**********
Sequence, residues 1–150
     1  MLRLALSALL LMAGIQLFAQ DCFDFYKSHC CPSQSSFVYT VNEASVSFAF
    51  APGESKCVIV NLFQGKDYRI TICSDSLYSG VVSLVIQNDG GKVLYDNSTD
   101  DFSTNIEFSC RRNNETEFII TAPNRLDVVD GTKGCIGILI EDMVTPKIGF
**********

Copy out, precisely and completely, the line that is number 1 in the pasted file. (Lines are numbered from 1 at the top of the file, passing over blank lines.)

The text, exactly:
Sequence, residues 1–150